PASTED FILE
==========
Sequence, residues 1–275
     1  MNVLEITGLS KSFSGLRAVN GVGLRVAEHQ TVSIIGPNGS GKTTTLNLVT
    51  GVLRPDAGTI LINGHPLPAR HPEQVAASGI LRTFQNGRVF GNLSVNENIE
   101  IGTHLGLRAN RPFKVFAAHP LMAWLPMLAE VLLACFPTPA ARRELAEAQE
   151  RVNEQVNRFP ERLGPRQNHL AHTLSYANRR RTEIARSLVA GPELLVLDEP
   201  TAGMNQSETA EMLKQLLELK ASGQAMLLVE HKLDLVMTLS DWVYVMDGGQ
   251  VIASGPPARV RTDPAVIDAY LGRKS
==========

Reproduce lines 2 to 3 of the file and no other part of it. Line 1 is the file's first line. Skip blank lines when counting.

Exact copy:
     1  MNVLEITGLS KSFSGLRAVN GVGLRVAEHQ TVSIIGPNGS GKTTTLNLVT
    51  GVLRPDAGTI LINGHPLPAR HPEQVAASGI LRTFQNGRVF GNLSVNENIE